Behavior and ecological influences of fire in the Meadowlands should be studied to enable design of firebreaks for protection of developed areas, and to improve understanding of which habitats need protection from fire and how to manage accidentally burned areas. Prescribed fire could be considered as a component of certain habitat management programs.
There appears to be little organized information on hydrology of the tributaries, tidal creeks, and marshes (tidal and impounded) of the Hackensack River estuary. Effective management and restoration will be nearly impossible without increased study of hydrology. An ongoing modelling study will address this issue (MERI, personal community to EK, 2002).
Small Areas of Habitat
The biological and ecological significance of large habitat units such as the Carlstadt-Moonachie site is appropriately of great interest, but little attention is being paid to smaller areas. Many such areas exist where the landscape has been fragmented by transportation infrastructure and other development. Small habitat units may be important to some mobile animals that can cross barriers such as highways, as well as to small or sedentary organisms such as insects and plants.
Much of what we know about the Meadowlands is at the level of individual species and habitat units. There is virtually no information at the level of the landscape, e.g. how organisms and materials move through space and across habitat boundaries. (An exception is the “Hackensack River Migratory Bird Report” [Kane and Githens 1997] which considered the habitat support of migratory birds region-wide.) Ecological information at a larger scale is required before ecology can be integrated with zoning, land use planning, restoration design, waste site remediation, and other planning and management activities.
We are grateful for assistance, advice, and information from: Carolyn Summers, Jennifer Danis, Nellie Tsipoura, Hank Smeal (Natural Resources Defense Council); Rich Kane, Glenn Mahler (New Jersey Audubon); Bill Sheehan, Hugh Carola (Hackensack Riverkeeper); Ed Lloyd (Columbia University); Susan Kraham (Rutgers Environmental Law Clinic); Judith Weis, Joan Ehrenfeld, Jean Marie Hartman, David Bart, Marian Norris, Beth Ravit (Rutgers University); Robert Ceberio, Franco Montalto, John Quinn, Ken Scarlatelli, Ed Konsevick, Anne Galli, Debbie Lawlor (NJMC); Kirk Barrett, Francisco Artigas, Christine Hobble, Brett Bragin (Meadowlands Environmental Research Institute); Lisamarie Windham (Lehigh University); Terry Doss (Louis Berger Group); Paul Castelli (New Jersey Department of Environmental Protection); Andrew Milliken, Robert Russell (U.S. Fish and Wildlife Service); Kerry Anne Donohue (U.S. Army Corps of Engineers); Wade Wander and Sharon Wander (Wander Ecological Services); Gerry Moore, Steve Glenn, Steven Clemants (Brooklyn Botanic Garden); Joseph Labriola, Patrick Cooney, Bill Standaert, DeeAnn Ipp (Torrey Botanical Society); David Grossmueller (Paulus Sokolowski and Sartor, Inc.); Catherine McIntyre (The Wetlands Institute and Hampshire College); Peddrick Weis (University of Medicine and Dentistry of New Jersey); Megan Callus (Baykeeper); A.E. Schuyler (Academy of Natural Sciences); Bob Dirig (Cornell University); Nancy Slack (Russell Sage College); an anonymous reviewer (Fairleigh Dickinson University); Gretchen Stevens, Dwane Decker, Bill Bakaitis, Kerri-Ann Norton, Bettina Hajagos, Bob Schmidt (Hudsonia Ltd.); and the Bard College Library. Gabrielle Gordon (NJMC and MERI) prepared the maps. Funding for preparation of this report was provided by the Mary Jean and Frank P. Smeal Foundation, the H2O Fund (Highlands to Ocean Fund), and the Hackensack Meadowlands Partnership. This is Bard College Field Station – Hudsonia Contribution 81.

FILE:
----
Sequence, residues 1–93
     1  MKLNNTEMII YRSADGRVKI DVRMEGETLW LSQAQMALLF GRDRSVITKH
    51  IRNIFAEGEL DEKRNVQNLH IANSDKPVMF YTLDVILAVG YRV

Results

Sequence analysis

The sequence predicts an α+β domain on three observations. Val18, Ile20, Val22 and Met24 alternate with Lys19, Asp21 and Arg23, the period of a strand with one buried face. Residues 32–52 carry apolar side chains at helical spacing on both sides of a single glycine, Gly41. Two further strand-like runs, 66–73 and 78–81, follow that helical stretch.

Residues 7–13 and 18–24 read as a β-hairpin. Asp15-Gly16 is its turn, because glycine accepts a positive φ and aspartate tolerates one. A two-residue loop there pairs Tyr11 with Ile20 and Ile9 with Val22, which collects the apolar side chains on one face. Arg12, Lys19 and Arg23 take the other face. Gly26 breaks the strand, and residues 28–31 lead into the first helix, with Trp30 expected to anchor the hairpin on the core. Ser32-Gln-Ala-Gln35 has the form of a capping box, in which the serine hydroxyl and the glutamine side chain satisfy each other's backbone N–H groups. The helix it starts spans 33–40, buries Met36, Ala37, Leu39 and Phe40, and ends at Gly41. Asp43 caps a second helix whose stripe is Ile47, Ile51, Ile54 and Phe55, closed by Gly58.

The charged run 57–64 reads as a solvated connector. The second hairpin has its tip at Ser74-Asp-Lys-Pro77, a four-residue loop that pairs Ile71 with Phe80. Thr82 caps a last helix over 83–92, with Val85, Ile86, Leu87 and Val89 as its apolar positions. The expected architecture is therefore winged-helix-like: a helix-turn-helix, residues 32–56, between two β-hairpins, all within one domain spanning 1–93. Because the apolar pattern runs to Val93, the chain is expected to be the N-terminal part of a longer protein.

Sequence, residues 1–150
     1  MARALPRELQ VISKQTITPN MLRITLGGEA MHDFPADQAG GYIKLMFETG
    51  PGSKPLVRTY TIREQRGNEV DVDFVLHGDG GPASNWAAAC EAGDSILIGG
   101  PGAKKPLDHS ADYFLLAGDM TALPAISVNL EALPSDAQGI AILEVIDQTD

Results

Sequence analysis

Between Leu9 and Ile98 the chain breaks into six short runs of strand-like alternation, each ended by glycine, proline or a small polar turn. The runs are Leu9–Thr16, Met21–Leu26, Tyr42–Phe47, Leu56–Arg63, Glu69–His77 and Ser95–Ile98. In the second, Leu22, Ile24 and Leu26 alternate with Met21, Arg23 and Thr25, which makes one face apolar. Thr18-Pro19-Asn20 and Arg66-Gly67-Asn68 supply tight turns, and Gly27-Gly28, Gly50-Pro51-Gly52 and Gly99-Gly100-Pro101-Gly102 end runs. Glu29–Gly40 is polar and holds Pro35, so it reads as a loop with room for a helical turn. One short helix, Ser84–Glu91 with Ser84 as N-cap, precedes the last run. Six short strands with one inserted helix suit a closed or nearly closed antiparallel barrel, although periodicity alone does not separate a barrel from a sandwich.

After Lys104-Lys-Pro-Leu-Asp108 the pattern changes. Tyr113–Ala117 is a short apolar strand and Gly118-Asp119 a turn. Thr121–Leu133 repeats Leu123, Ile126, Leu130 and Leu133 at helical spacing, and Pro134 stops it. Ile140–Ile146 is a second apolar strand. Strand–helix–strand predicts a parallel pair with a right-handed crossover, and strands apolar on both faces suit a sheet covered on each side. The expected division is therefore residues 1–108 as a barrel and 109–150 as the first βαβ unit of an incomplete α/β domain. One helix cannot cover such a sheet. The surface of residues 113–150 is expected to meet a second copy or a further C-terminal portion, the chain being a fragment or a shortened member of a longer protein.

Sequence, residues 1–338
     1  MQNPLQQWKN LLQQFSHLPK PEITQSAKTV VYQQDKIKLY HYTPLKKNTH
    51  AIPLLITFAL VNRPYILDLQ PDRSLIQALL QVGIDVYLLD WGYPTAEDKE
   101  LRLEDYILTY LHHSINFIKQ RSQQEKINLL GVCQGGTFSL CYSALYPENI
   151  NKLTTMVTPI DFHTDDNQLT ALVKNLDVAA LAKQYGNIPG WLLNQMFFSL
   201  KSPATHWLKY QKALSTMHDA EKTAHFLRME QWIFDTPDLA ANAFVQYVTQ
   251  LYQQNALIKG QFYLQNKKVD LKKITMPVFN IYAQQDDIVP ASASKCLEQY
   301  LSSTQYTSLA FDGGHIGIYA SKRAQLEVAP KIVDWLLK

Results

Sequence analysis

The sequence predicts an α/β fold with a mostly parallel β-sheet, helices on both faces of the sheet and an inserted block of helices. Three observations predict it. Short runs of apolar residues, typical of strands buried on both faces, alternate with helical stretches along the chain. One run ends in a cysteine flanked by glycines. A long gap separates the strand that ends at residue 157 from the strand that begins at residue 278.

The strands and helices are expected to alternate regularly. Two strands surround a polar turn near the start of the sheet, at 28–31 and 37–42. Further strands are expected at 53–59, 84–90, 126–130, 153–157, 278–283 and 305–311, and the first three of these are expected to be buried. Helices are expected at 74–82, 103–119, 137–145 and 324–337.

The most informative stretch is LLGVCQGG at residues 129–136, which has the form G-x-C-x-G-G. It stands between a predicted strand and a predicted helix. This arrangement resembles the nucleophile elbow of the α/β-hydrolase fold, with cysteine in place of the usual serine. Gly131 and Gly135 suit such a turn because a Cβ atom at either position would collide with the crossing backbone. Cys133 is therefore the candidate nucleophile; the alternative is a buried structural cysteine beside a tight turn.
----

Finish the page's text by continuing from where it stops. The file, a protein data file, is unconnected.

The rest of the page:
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Erik Kiviat, Ph.D. is Executive Director of Hudsonia Ltd., a nonprofit institute for environmental research and public education. He is also Professor of Environmental Studies in the Center for Environmental Policy at Bard College. Erik’s research interests are in biodiversity assessment and conservation, wetland ecology and management, and the ecology and management of invasive plants. Hudsonia can be reached at P.O. Box 5000, Annandale NY 12504 or www.hudsonia.org.
Kristi MacDonald, M.S., is a candidate for the Ph.D. at Rutgers University. Her research addresses bird communities of urban swamps in northeastern New Jersey. She is interested in the interface of science and land use policy in urban landscapes.